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Tswale must be moved, Mbombela High Court orders

Tswale, a rescue elephant that has been kept on the Lowhills farm and used for human interaction for about two years, must be removed from the area, according to a recent court order.

Tswale, the well-known elephant from the Lowhills farm in the Onderberg, must be removed from the area.

This, after the Mbombela High Court recently granted an interdict to the owners of the farm, Shofeeds, a company from Parys. Tswale is a rescue elephant that has been kept on Lowhills and was used for human interaction for about two years.

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Shofeeds applied for an urgent interdict against Johan Moller, Sonell Joubert and Conference and Management Solutions, who all operate from the farm.

The case was tabled before Judge Brian Mashile in mid May when Shofeeds asked for a court order to have Tswale leave the farm, and to have all interaction with members of the public disallowed. Furthermore, they asked the court to have Moller and Joubert prohibited from excavating, removing or selling gravel on the farm, and have them stop cutting, collecting or selling firewood from there, and lastly, that they are not allowed to arrange or allow any motor vehicle rallies or similar events on Lowhills.

Shofeeds bought Lowhills last year during a liquidation sale. At the time, Tswale, Amos Jivendava (Tswale’s handler), Joubert and Moller were already living on the farm.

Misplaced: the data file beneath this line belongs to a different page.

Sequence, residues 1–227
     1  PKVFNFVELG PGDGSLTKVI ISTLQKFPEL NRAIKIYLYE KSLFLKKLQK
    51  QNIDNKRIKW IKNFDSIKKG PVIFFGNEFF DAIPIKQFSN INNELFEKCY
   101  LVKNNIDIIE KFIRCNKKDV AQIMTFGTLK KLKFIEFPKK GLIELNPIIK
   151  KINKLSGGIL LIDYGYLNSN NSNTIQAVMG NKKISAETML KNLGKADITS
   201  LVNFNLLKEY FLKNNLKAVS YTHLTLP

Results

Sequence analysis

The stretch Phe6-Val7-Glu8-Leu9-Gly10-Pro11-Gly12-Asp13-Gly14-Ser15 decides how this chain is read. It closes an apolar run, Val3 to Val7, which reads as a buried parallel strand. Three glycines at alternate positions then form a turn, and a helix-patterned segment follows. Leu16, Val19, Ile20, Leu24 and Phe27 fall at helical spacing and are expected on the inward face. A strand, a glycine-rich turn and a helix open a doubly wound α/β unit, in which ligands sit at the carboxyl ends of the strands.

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Adv Johnna Kruger, who represented Shofeeds in court, said they have numerous concerns, which forced them to apply for the interdict. Among these are the possibility of civil or even criminal liability by the owner of the farm should someone visiting or interacting with Tswale get hurt or even get killed. The same liability goes for events such as motor rallies, which have been held on the farm.

The application was unopposed as Judge Mashile found that the respondents did not comply with the rules of the court by handing in their opposing documents in on time.

He also refused to hear or allow Zietta Janse van Rensburg from Malalane, who tried to represent the respondents, attending to the case, as she is currently suspended as an attorney.

Despite the court order given that the elephant must be removed from the farm within seven days, the respondents did not adhere to it.

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When approached for comment on the interdict and why they had refused to comply with it, neither Moller nor Joubert responded, but referred Lowvelder to Janse van Rensburg. She said the newspaper was not affording them enough time to respond.

Lowvelder will do a follow-up with their comments once they are received.

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